However, pandemic was not the only obstacle ahead of WOW Istanbul. Programming a festival of celebration within a political hot zone with the claim of inclusivity in this chaotic city of 15 million who make nearly twenty percent of Turkey’s population – half being registered as women- have been the first and perhaps the most critical challenge. According to the 2020 Women’s Labor Report of the Public Services Employees Union of Turkey (Genel-İş), only three of ten women in Turkey is in work force reflecting the lowest percentage among the OECD countries. Sadly, 40 percent of those in employment is unregistered. However, it is a well-known fact that among this unregistered employment is the case of house workers – traditionally phrased as the cleaning ladies – women who generate livelihood for their families and still not recognized within the workforce.  Likewise, the undocumented domestic labors of what we call as ‘housewives’ taking care of children and elderly care that the government fails to provide. And according to the Turkish Statistical Institute’s data, labor force participation rate of women in Istanbul is 37.6 reflecting a high potential of growth.
Yet how can anyone singularly identify all those who identify as women in such a chaotic metropolitan city as Istanbul? Percentage of the total population born in Istanbul being only 15 with rest holding on to their homelands in 80 other cities of Turkey as well as other countries reflect the complex pot of diverse cultures of dwellers. The universally glorified creative hub of the European Capital of Culture for 2010 has suffered through an on-going outbound and inbound migration. More than five hundred thousand Syrians are the most vulnerable to the chaotic tensions of the city in distress. Yet, Istanbul can barely be stated to be a melting pot for all these diversities. Just as in the Byzantine and the Ottoman times, city provides shelter to those only in neighborhoods that are safe to their specific communities keeping her legacy of fragmented societies.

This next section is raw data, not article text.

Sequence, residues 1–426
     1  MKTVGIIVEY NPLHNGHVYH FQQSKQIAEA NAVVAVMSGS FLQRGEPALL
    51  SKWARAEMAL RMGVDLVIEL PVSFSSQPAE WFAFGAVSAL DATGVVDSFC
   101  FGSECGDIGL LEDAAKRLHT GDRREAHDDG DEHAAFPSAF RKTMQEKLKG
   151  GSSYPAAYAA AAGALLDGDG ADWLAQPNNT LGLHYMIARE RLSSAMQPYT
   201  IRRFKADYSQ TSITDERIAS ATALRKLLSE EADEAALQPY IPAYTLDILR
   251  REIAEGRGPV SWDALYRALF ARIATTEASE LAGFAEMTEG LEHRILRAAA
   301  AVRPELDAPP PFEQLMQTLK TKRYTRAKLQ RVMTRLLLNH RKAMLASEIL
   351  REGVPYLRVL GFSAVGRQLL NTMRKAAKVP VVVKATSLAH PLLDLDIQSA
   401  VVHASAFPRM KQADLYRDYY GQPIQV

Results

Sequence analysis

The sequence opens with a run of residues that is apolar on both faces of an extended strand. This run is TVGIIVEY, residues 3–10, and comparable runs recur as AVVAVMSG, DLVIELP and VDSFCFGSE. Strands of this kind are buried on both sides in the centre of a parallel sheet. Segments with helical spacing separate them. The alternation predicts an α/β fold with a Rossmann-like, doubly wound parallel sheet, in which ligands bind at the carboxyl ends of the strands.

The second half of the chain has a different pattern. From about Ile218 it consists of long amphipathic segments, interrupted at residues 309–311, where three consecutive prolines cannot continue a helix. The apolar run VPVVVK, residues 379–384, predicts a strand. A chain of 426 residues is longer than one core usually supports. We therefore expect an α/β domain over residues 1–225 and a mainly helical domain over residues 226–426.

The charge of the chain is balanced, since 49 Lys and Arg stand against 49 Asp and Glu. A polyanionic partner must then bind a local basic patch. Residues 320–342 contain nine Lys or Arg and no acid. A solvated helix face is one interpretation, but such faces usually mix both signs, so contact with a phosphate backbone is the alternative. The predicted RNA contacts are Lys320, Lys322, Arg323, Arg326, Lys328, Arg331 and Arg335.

On top of this disintegration, much before the pandemic, we had already been living the days of social unrest, economic downturn, and a complete political turmoil, where the civil society has been and is still at stake with the depriving democratic rights and the accelerating intolerance to diversity. The threats on already fragile communities of LGBTI were formally defined with the banning of any public activities of the LGBTI communities starting in 2016 and these sanctions still continue with brutal police attacks on pride walks. Turkey’s gender gap placed it 131st of 144 countries according to the 2017 Global Gender Gap Index of the World Economic Forum and is now even further down at 134th among 156 in 2021. The timeline of the Ministry of Women, which was established in 1990 in solidarity with the women NGOs, being first converted to Ministry of Family, Social and Employment in 2011 and then to Ministry of Family and Social Services in 2021 also reflects the change in government’s perception of women rights movement as well as the LGBTI. Steady increase in the annual average of 400 reported women killings according to the database of the We Will Stop Femicide Platform is a proof that women are still fighting for survival and right to live. We in Turkey, as in the other geographies have seen how the progressive rhetoric on women’s rights and gender equality have shifted to conservatism embedded in what Prof. Deniz Kandiyotti defines as restored masculinity.
However, despite the gloomy picturesque, Turkey has a great legacy of strong women NGOs, which have been working so effectively for women rights and empowerment for long years. Though only 100 out of 25,000 registered associations in Istanbul have gender equality activism in their bylaws, we are currently witnessing a new generation of hybrid NGOs and platforms of women –finding all possible means to endeavour for gender equality. The new breed of voices now feels much more engaged and open to explore ways of dialogue and collaboration despite their political, ethnic or religious differences. In addition, there is an increasing number of art collectives and women from creative sectors that use art as a means of raising awareness on social issues. These initiatives have faith in change and in equality and they nurture hope.